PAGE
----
The title of the inaugural show at the new Saatchi Gallery, in the former Duke of York's Headquarters building in Chelsea, is The Revolution Continues. That title refers to the dramatic transformation in the content and the fortunes of Chinese art since the repressive Mao era.
But is the Saatchi revolution continuing, too? Is this new gallery, and the art in it, evidence that Charles Saatchi himself, that maverick collector, is still worth attending to? It's a good moment to ask that, because last week the most dismal Turner Prize shortlist within living memory was unveiled at Tate Britain. London thirsts for a handsome, new building of contemporary art with free admission – yes, this is what Saatchi is offering us – which will give us reason to feel optimistic about the state of art.
Saatchi has tried before – with mixed results. His first gallery, in Boundary Road, north London, was often a success in terms of the art it showed – Richard Wilson's brilliant installation of used sump-oil, 20:50, was its central wonder – but the space itself, a sprawling, skewed affair with all the innate drama of an aircraft hangar, left the visitor feeling that the art it contained might at any moment float off into the ether. There was no attempt to impose intimacy, focus or shape.
Next came County Hall. That fell foul of the quaint architectural features of the building itself, with post-war German paintings full of anguished, expressionistic violence squeezed into niches that seemed more suited to devotional images. Few of the works looked happily or comfortably sited. Art seemed to be engaged in a kind of low-level warfare with architecture. The spaces didn't flow into each other. Visitors shifted from the grandiose central chamber to tiny rooms complete with fireplaces and sad, stopped clocks. They lost their way in dingy corridors.
This time, the building, a former home to the Territorial Army, is a 19th-century structure, complete with the tremendous fanfare of a neo-classical portico. Saatchi's designers and architects have taken more of a grip on things and produced a series of galleries that are airily lit and harmoniously appointed, and which look and feel logical in the way they relate to each other. What's more, they have added a large extension at the back into which the original building seems to flow as naturally and pleasingly as water.Technically, the gallery is a great success. All the work looks handsomely displayed in spaces that do it justice. Saatchi has never had such spaces before. This is his triumph. There are never too many pieces to a room, so we can give just as much attention as we need to each work. The rooms feel good, tonally; balmy top lighting, cream walls.
But what of the art? What is Saatchi up to this time? Well, he has chosen to give us a large-scale survey of Chinese art. This strikes the onlooker as a slightly odd, if not perverse, decision. Four years ago, you could have said that new Chinese art deserved attention, that it was vibrantly, challengingly different – and an art which was emerging, moreover, from a nation becoming the world's most feared and envied economic powerhouse. Now, that no longer seems quite the case. There have been many shows devoted to new Chinese art in recent years – at Tate Liverpool and the Victoria and Albert Museum, for example. So is Chinese art quite the thing with which to ring up the curtain on a new gallery?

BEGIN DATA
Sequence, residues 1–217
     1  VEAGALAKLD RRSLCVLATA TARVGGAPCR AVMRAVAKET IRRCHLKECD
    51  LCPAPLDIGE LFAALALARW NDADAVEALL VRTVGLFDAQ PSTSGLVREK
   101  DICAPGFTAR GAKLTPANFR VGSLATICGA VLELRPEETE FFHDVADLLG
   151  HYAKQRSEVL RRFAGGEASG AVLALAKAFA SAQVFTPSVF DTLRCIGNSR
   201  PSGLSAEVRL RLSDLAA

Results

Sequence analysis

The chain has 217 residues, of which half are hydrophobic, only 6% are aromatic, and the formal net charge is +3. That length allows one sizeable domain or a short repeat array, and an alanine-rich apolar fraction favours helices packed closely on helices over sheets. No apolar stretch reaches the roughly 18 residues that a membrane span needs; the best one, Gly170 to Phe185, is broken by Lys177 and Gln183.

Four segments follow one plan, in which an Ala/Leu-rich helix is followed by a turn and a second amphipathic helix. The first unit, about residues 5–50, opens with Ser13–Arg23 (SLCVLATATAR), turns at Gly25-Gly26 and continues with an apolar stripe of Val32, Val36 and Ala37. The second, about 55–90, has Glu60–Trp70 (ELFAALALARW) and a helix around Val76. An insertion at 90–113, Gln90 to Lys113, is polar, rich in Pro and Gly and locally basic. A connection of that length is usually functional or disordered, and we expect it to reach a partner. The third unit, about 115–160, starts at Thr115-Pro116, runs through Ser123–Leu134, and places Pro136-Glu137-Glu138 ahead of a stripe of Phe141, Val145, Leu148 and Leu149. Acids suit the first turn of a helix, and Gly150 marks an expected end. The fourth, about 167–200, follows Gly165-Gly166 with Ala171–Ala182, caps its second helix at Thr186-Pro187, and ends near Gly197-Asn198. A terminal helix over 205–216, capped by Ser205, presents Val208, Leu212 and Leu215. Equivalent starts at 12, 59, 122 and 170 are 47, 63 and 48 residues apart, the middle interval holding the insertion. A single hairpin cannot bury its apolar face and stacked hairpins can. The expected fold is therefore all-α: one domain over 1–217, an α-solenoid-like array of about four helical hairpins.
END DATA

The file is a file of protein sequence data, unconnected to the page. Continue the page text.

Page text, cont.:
Yes and no. This a good show. It is seldom very good, though, because contemporary Chinese art is very good at some things and not so good at others. It is seldom stylistically revolutionary. It is not difficult to get. You don't need to peel back the layers of complexity. It feels market-savvy. Nothing here is the equivalent of what happened in Europe at the turn of the 20th century. No one could ever describe this work as obscurantist or difficult or solipsistic. Generally speaking, the Chinese look directly at the world. They think of what has happened to them as a nation, how they have been treated – or mistreated. They laugh at things, often quite cruelly. They occasionally spit at them – even at politicians. What they are not so good at is looking at themselves – or at children – without a degree of mawkishness. As soon as a human being hoves into view, the eyes of some of these painters seem to fill with tears. Look at the works by Zhang Huan and Zhang Xiaogang if you want evidence of this.
But satire; that's something else. They are very good at spitting at the West – look, for example, at the marvellous work by Lui Wei in the first gallery. Spread out across the floor is a strange, decaying cityscape, buildings we begin to recognise but in such miserable decrepitude that our hearts go out to them because they are some of the buildings with which we in the West are most familiar: the Guggenheim in New York, the Colosseum in Rome. They are collapsing in on themselves, as if they have decided to give up the ghost. All have been created from edible dog-chews, making the satire all the more edgy, more funny.
Now to the basement for another great work, Old Persons Home, co-authored by Sun Yuan and Peng Yu. Here is a room full of old men in motorised wheelchairs, sad old men in greatcoats and naval uniforms. One clutches a can of beer, another a pair of scissors. Now and again the wheelchairs come to life like dodgem cars. They blunder into each other – or the wall – and blunder away. I thread my way to one of the men and admire the wonderful likeness of an old human face. I wonder whether this face won't slightly come to resemble that of George W Bush come spring of next year, when a thousand flowers may or may not be blooming in the White House.
The Revolution Continues, Saatchi Gallery, Duke of York's Headquarters, London SW3 (020-7823 2363), to 18 January
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